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The book that binds


Theme behind William Joyce novel stirs Meadowview Teacher to start library

According to second grade teacher Dawn Fausto, a tree is like a school — the leaves all make up the different components of a classroom.

“The teachers, the staff, the students—we all work together for a common goal,” the Meadowview Elementary teacher said.

The underlying idea comes from William Joyce’s novel, the “Leafman and the Brave Good Bugs.” The focus of the movie is whenever the forest is attacked by the evil spider queen, the brave good bugs and the leafmen must work together to protect it.

A well-known line in the movie is ‘one tree but many leaves.’

“This line brings our school together and sums up what we are all about,” Fausto said.

Several months ago, she had an idea that blossomed into what she is doing now — creating a library based on William Joyce’s works for her students.

Fausto attended a play in the 1990s based on the Leafmen book and that was whenever she fell in love with his writing style and vivid imagination.

The question is: Of all artists, why would she choose William Joyce?

“He’s young at heart and young at mind,” said Fausto. “The fact that he can relate to the children and still have that fun outlook is inspiring to me. As you get older, you tend to lose that perspective.”

Not only is Joyce a local, but his books have been the source of his fame. He received an Academy award for best animated short film last year, “The Fantastic Flying Books of Mr. Morris Lessmore” and also winning Louisiana Writer Award in 2008 for all of his contributions to the “literary heritage of Louisiana.”

Joyce is notorious for his series “Rolie Polie Olie,” and other books such as “A Day with Wilbur Robinson,” “Santa Calls,” and many others. Joyce has also had a hand in other films such as “Toy Story,” “A Bug’s Life,” “Robots,” “Rise of the Guardians,” and several others.

“Joyce is a celeb in the area and has done a lot of good for the area and for our community, he supports the arts and that is important to me that he gives back to the community that he was raised in and still lives in,” said Fausto. “I think they are going to love it — you know, as you teach more, you learn more.”

Fausto plans to incorporate his books into her lessons throughout the school year for her students. Her students will be sharing the library with two other classes.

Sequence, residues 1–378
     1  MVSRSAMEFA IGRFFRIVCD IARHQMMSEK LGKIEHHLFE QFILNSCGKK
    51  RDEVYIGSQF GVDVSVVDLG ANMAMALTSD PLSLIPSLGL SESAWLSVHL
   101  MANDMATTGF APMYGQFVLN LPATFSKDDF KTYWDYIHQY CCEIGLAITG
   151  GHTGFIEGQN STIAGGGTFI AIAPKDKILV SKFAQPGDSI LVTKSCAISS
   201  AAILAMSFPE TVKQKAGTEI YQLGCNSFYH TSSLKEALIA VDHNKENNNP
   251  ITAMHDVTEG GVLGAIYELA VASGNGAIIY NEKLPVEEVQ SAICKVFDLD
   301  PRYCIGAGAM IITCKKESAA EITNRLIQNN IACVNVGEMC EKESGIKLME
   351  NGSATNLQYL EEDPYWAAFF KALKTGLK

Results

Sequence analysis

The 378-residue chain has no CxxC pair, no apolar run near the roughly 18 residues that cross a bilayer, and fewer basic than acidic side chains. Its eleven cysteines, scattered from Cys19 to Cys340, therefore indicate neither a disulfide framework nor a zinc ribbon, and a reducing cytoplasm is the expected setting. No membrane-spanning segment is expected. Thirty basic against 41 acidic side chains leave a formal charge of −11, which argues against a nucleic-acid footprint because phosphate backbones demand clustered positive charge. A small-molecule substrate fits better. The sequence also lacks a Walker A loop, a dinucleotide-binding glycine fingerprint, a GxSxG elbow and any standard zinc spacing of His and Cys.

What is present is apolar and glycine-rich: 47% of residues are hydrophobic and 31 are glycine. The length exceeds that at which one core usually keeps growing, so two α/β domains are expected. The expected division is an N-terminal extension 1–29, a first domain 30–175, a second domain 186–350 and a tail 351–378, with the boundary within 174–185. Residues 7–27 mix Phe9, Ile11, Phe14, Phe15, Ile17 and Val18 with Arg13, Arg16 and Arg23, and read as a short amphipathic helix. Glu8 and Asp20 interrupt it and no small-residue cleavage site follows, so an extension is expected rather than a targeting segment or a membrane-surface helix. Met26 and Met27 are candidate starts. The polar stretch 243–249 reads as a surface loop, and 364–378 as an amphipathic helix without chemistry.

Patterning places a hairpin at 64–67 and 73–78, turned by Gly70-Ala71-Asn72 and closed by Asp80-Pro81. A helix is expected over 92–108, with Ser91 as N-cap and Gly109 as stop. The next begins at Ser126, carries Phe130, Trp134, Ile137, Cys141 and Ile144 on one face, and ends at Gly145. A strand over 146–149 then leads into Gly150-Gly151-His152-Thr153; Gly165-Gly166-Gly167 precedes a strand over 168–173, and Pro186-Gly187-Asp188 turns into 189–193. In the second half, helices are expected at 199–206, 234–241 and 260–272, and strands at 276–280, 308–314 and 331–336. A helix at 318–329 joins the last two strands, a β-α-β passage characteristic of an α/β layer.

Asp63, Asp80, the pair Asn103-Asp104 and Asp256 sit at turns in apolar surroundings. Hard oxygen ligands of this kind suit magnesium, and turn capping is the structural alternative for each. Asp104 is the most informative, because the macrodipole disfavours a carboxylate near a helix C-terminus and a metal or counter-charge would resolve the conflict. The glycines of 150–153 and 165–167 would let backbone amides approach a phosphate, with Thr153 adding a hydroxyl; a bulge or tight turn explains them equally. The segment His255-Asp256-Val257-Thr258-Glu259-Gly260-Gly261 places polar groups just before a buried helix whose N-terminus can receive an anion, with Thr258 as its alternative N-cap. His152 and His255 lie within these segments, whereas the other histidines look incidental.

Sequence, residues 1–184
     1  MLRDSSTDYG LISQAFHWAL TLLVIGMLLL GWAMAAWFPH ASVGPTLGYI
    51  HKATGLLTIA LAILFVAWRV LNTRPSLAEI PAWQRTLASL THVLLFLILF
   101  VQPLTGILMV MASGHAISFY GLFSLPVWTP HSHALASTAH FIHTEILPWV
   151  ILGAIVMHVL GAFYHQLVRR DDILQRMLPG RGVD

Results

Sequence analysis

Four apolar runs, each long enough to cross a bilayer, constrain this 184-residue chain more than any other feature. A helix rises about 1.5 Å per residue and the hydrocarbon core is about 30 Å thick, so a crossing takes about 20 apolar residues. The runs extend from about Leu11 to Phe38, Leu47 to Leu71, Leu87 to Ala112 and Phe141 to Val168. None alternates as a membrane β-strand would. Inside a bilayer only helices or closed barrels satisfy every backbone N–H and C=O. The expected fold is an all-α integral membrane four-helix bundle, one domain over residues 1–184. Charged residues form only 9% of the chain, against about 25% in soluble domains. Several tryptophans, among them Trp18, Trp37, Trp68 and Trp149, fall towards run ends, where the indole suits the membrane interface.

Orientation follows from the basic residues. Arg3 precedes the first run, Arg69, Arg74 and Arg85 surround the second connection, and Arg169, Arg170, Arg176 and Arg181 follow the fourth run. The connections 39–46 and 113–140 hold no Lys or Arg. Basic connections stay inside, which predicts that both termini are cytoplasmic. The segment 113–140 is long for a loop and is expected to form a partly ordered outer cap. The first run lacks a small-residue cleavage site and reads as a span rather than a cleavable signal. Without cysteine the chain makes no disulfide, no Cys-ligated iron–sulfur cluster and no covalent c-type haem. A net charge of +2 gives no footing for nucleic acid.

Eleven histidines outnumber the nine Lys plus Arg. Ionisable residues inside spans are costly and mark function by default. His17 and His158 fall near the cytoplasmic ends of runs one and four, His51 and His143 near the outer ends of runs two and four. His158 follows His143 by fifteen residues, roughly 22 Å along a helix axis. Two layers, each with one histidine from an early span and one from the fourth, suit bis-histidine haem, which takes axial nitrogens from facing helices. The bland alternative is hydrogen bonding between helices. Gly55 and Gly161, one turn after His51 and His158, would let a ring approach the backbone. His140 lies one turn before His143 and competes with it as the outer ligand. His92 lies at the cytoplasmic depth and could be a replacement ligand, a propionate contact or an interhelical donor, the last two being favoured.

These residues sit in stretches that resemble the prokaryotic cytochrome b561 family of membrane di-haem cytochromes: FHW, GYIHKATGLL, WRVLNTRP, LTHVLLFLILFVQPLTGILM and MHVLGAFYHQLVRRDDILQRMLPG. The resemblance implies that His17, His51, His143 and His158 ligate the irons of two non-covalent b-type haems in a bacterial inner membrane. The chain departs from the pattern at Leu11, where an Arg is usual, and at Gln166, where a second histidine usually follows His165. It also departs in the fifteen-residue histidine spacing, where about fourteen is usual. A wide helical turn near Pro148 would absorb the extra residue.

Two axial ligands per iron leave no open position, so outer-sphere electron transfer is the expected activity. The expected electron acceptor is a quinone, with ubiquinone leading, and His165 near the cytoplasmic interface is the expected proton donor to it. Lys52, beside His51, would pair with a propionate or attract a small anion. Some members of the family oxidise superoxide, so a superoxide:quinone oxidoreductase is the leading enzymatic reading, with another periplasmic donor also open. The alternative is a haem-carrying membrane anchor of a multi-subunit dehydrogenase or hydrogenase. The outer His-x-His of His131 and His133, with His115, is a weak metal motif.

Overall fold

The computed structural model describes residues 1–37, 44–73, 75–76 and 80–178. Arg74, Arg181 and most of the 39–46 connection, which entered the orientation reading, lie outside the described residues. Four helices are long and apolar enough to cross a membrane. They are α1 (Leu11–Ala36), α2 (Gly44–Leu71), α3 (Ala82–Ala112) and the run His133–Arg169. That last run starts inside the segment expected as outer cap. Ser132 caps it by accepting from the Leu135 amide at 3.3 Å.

She would like to show comparisons of his books, use them to expand on literary skills and on personal factors about the author that the children have access to.

“I would love for William Joyce to come speak to the children after we have done the author study. That is my ultimate goal. That would be so exciting for the children to actually meet him.”

Fausto would like Joyce to inform her students about the process of writing and explain to the children that what they are doing now can affect them in the future for anything they want to do.

“One of the big reasons I wanted to start his collection is because he is local and I tell my students that it shows you a local person can hit big and still stay here.”

Last Wednesday, Fausto had the opportunity to meet Joyce at the downtown Shreveport art gallery Artspace where several displays are set up based on his books.

She would love to bring her students to the gallery to have a chance to see the “Epic” display.

The film “Epic” was released May of this year and is based on the book the “Leafmen and the Brave Good Bugs.”

“I also want to inform my students about how many movies begin as books and correlate this into my lessons as well.” Fausto said.

On average, statistics show that teachers spend around $1,000 for their personal classrooms and students every year.

With the aid of the community and friends, Fausto will be able to create this library that she has been dreaming of.

Thanks to promoting her ideas on Facebook, Fausto has already started the collection for her students in the fall.

“It hurts me whenever kids say that they don’t like to read.” Fausto said. “I am an avid reader and I would love for my students to read so I am always looking for a new way to spark that love of reading.”

Shelly Barrett, Principal of Meadowview Elementary, has been very supportive of Fausto’s creativity. Barrett and Fausto both admired Joyce’s works and thought it would be great for the students.

Anyone who is interested in donating funds for Dawn Fausto’s William Joyce collection can email her at dawn.fausto@bossierschools.org for further information.

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Sean Green is managing editor of the Bossier Press-Tribune.